judgement, to fight when I cannot choose, and to eat no
fish.

LEAR
What art thou?

KENT
A very honest-hearted fellow, and as poor as the
King.

LEAR
If thou be'st as poor for a subject as he's for a king
thou art poor enough. What wouldst thou?

KENT
Service.

LEAR
Who wouldst thou serve?

KENT
You.

LEAR
Dost thou know me, fellow?

KENT
No, sir; but you have that in your countenance
which I would fain call master.

LEAR
What's that?

KENT
Authority.

LEAR
What services canst thou do?

KENT
I can keep honest counsel, ride, run, mar a curious
tale in telling it, and deliver a plain message bluntly.
That which ordinary men are fit for I am qualified in,
and the best of me is diligence.

LEAR
How old art thou?

KENT
Not so young, sir, to love a woman for singing, nor
so old to dote on her for anything. I have years on my
back forty-eight.

LEAR
Follow me; thou shalt serve me if I like thee no
worse after dinner. I will not part from thee yet. Dinner,
ho, dinner! Where's my knave, my Fool? Go you and
call my Fool hither.
Exit Second Knight
Enter Oswald
You! You, sirrah! Where's my daughter?

OSWALD
So please you –
Exit

LEAR
What says the fellow there? Call the clotpoll back.
Exit Third Knight
Where's my Fool? Ho, I think the world's asleep.
Enter Third Knight
How now? Where's that mongrel?

KNIGHT
He says, my lord, your daughter is not
well.

LEAR
Why came not the slave back to me when I called
him?

KNIGHT
Sir, he answered me in the roundest
manner he would not.

LEAR
He would not!

KNIGHT
My lord, I know not what the matter is,
but to my judgement your highness is not entertained
with that ceremonious affection as you were wont.
There's a great abatement of kindness appears as well
in the general dependants as in the Duke himself also
and your daughter.

LEAR
Ha! Sayest thou so?

KNIGHT
I beseech you pardon me, my lord, if I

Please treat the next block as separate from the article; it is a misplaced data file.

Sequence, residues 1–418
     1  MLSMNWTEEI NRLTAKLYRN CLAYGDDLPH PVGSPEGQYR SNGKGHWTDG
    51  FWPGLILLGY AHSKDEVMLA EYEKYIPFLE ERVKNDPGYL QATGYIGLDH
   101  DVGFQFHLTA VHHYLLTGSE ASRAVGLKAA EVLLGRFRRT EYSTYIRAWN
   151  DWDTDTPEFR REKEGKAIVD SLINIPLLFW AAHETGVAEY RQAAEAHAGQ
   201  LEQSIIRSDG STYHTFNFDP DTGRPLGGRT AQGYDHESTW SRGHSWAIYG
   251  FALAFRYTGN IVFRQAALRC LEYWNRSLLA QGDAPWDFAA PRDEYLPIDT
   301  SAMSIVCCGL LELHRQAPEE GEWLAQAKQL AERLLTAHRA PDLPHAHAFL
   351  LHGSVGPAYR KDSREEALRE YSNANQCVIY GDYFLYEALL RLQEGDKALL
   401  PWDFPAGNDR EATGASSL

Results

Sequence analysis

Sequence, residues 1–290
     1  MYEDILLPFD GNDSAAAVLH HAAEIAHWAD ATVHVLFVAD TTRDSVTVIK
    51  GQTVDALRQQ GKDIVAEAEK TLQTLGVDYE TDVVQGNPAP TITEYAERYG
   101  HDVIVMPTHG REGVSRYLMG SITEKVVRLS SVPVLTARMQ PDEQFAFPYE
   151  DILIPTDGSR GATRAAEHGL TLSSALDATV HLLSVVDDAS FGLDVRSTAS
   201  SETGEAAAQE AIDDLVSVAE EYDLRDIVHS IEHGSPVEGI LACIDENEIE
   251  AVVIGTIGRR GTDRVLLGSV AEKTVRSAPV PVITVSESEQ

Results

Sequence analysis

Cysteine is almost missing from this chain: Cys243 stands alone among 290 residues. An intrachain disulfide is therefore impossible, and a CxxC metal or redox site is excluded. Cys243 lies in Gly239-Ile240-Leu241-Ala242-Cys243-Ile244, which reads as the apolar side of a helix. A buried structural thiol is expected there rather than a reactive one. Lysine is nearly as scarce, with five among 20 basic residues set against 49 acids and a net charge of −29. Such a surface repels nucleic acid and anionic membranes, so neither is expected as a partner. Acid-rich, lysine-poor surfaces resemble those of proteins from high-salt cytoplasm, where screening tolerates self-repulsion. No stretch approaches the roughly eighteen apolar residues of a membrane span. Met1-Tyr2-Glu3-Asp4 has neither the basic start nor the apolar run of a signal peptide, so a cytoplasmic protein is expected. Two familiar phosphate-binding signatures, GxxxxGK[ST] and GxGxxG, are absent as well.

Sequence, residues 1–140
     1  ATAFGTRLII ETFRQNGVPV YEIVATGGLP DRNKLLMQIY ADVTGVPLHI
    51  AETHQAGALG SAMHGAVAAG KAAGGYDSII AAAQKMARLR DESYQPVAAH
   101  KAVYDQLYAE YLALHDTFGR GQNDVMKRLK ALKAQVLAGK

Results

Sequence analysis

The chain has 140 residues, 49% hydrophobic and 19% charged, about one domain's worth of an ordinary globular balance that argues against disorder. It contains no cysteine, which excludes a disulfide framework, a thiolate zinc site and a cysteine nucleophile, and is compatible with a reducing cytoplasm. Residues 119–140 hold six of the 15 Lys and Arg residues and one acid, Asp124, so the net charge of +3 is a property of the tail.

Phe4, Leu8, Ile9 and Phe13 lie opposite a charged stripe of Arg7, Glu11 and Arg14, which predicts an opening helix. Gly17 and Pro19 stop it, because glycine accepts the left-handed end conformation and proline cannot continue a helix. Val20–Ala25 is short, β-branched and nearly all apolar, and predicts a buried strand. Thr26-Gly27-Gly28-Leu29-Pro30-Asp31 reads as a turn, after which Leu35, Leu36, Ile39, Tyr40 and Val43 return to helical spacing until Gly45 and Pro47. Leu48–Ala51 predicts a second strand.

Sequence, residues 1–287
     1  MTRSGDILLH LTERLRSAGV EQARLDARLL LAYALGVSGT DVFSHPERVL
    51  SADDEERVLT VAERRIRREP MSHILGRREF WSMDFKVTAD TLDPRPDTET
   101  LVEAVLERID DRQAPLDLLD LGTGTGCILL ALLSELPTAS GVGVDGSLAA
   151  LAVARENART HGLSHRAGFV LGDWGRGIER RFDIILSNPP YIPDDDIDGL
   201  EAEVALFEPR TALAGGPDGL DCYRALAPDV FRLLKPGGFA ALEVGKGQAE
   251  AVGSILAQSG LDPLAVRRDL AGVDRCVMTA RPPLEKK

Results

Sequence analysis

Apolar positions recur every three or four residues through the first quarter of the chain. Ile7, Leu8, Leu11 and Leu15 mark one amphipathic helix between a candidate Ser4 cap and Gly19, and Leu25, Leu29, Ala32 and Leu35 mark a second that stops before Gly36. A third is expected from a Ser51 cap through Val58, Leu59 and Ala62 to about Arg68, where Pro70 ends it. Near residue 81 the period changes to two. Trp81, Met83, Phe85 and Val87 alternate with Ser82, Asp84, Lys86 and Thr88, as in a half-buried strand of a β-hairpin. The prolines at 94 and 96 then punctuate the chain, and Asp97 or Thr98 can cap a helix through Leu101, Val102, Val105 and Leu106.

be mistaken; for my duty cannot be silent when I think
your highness wronged.

LEAR
Thou but rememberest me of mine own conception.
I have perceived a most faint neglect of late,
which I have rather blamed as mine own jealous
curiosity than as a very pretence and purpose of
unkindness. I will look further into't. But where's my
Fool? I have not seen him this two days.

KNIGHT
Since my young lady's going into
France, sir, the Fool hath much pined away.

LEAR
No more of that! I have noted it well. Go you and
tell my daughter I would speak with her.
Exit Third Knight
Go you, call hither my Fool.
Exit another Knight
Enter Oswald
O, you, sir, you! Come you hither, sir. Who am I, sir?

OSWALD
My lady's father.

LEAR
‘ My lady's father,’ my lord's knave! You whoreson
dog! You slave! You cur!

OSWALD
I am none of these, my lord, I beseech your
pardon.

LEAR
Do you bandy looks with me, you rascal?
He strikes him

OSWALD
I'll not be strucken, my lord.

KENT
Nor tripped neither, you base football-player.
He trips him

LEAR
I thank thee, fellow. Thou servest me and I'll love
thee.

KENT
(to Oswald)
Come, sir, arise, away! I'll teach you
differences. Away, away! If you will measure your
lubber's length again, tarry; but away, go to! Have you
wisdom?
He pushes Oswald out
So.

LEAR
Now, my friendly knave, I thank thee. There's